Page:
Separation versus divorce in estate planning

| Jun 19, 2018 | Estate Planning |

When a person dies estranged from his or her spouse but the couple is not legally divorced, it can lead to a host of issues with an estate. More couples are opting for long-term separation instead of divorce and, in some situations, a separation does not extinguish spousal rights and privileges. In Texas and elsewhere, problems can erupt in estate planning without a final divorce decree.

In the case of the recent deaths of Kate Spade and Anthony Bourdain, both were amicably separated from their spouses, but not divorced. After their untimely deaths, each of their respective estranges spouse remained as beneficiaries of their estates. As the legal next of kin, they control all immediate legal decisions as well as control over funeral and interment decisions.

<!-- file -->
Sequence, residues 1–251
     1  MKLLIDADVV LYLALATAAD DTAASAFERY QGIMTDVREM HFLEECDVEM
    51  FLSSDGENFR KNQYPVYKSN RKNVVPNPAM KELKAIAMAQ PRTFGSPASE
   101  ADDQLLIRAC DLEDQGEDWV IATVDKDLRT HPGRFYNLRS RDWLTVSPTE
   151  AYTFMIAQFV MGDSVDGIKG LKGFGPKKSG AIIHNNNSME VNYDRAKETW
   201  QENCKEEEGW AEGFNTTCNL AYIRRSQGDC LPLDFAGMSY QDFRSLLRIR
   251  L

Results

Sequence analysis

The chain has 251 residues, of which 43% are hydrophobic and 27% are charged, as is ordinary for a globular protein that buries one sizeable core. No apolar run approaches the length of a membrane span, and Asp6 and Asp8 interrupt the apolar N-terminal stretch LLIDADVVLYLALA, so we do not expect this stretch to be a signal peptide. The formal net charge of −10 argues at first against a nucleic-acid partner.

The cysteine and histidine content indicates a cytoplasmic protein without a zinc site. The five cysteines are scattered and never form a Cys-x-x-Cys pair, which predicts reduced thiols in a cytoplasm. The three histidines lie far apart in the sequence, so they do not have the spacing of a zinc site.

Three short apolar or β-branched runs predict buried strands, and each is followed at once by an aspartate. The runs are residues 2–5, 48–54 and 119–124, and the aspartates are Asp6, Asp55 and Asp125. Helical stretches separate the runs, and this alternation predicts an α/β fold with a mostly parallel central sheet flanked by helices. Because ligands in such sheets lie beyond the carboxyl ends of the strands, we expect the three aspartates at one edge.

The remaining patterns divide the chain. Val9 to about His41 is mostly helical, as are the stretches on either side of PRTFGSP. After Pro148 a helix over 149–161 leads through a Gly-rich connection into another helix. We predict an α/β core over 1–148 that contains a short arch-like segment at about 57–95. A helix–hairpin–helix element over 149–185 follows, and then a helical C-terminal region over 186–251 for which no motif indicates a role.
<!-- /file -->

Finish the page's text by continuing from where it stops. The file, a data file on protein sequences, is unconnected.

For some, it may be beneficial to draft a legal health care directive. This legal document is state-specific and allows one to designate someone other than a spouse to make health decisions in the event of death or incapacitation. Experts in Texas recommend including funeral arrangements in the document and alerting key people and attorneys to its existence.

Estate planning is vital in the event of a debilitating health emergency or death. By having open communication with an attorney about a separation and impending divorce, changes can be made to remove estranged spouses from estate plans, wills and legal health care documents. With the help of a lawyer, a person can devise a solid estate plan can to help ensure that his or her final requests and wishes are carried out.